This year, about an hour out, the veterans had a mail call. The Honor Flight organization goes out to family members and asks them to send cards and letters to the veterans. If a veteran doesn’t have any remaining family members, several of the local grade schools are always happy to send in letters to the veterans. One ninth-grader in Sandpoint, Idaho, wrote a poem and asked for it to be read over the plane’s loudspeaker. It was very good and very emotional to us all.
The crowd welcoming us home was huge, as it usually is. I had asked the professor of military science at EWU if it would be possible to bring a handful of ROTC cadets out to the group’s arrival since the admiral is such a great supporter of the ROTC program. I couldn’t believe it, but there were probably at least a dozen cadets, although, through my misty eyes, it looked like about half of the Corps of Cadets, plus the master sergeant and the major and his children. The most impressive thing was the support of this effort.
I had several members of my family there to greet me and I knew others who come to all of these events just to welcome folks home. These events are such an emotional thing. If you haven’t had the opportunity to volunteer to be a guardian for your local Honor Flight organization, please do so. You won’t regret it. If you are a veteran or know of one, get an application filled out to go visit the memorials. You won’t regret that decision either.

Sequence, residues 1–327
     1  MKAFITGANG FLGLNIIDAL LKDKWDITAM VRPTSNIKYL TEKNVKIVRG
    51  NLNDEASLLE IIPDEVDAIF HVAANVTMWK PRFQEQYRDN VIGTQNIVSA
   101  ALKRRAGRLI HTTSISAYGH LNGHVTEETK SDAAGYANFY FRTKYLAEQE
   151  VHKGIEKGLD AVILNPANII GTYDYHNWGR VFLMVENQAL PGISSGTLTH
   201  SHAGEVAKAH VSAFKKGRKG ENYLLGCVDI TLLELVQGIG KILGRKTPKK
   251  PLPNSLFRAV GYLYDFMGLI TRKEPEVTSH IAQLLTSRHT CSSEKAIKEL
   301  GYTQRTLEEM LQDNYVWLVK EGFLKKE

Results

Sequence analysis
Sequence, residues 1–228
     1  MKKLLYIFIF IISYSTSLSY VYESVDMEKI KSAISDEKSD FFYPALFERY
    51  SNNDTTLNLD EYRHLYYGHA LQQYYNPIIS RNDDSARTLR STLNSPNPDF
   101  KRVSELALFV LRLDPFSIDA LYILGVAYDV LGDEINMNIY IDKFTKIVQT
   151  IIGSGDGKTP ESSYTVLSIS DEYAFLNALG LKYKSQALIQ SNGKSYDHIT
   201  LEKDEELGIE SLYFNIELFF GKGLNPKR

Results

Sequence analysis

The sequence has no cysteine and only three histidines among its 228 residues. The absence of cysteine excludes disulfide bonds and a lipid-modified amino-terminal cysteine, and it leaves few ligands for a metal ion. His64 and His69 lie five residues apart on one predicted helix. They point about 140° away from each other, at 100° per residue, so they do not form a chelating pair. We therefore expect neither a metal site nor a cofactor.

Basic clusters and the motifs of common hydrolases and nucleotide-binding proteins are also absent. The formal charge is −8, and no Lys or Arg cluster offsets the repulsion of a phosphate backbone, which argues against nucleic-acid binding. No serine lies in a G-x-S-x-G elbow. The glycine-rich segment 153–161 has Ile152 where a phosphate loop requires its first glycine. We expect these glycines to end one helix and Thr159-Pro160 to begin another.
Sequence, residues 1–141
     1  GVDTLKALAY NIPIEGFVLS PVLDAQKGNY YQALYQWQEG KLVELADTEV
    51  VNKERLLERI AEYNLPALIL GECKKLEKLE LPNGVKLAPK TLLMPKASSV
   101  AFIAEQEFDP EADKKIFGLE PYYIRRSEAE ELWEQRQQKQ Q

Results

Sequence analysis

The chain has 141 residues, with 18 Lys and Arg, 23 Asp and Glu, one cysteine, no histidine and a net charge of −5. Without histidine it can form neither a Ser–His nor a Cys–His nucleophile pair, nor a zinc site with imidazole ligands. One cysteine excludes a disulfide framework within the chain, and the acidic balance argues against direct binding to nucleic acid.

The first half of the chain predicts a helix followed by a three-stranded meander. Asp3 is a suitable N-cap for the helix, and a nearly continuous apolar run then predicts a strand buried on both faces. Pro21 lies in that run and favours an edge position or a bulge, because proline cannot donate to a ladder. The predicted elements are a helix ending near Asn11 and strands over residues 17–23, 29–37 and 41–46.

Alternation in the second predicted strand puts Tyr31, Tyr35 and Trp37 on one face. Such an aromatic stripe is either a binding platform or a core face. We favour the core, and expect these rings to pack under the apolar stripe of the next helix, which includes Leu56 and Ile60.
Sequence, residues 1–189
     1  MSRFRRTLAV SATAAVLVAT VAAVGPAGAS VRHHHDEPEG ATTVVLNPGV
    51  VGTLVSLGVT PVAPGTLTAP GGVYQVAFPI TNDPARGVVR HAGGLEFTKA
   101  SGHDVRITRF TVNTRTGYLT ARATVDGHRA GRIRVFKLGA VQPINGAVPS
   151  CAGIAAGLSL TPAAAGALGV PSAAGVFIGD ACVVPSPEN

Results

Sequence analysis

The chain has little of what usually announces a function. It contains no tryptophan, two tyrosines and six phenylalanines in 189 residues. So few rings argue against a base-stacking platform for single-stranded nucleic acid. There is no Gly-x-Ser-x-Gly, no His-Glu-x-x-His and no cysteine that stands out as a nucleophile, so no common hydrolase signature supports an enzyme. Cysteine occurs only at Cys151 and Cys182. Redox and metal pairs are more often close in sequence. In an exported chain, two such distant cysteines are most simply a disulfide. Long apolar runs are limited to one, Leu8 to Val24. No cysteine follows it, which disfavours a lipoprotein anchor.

Honor Flight relies on the tax-deductible donations from individuals and local businesses to cover the cost of these trips. Veterans do not pay any part of the costs themselves.
Volunteers act as guardians on the trips to Washington, D.C. and ensure that the veterans have a safe and enjoyable trip. Top priority is given to survivors of WWII and Korean War veterans, as their numbers are dwindling, as well as to veterans with a terminal illness who wish to visit their memorials, regardless of the war/conflict they served in. Honor Flight is also accepting applications from our Vietnam veterans. Honor Flights are away to say thank you for the service and sacrifice our veterans deserve. For more information, visit www.honorflight.org.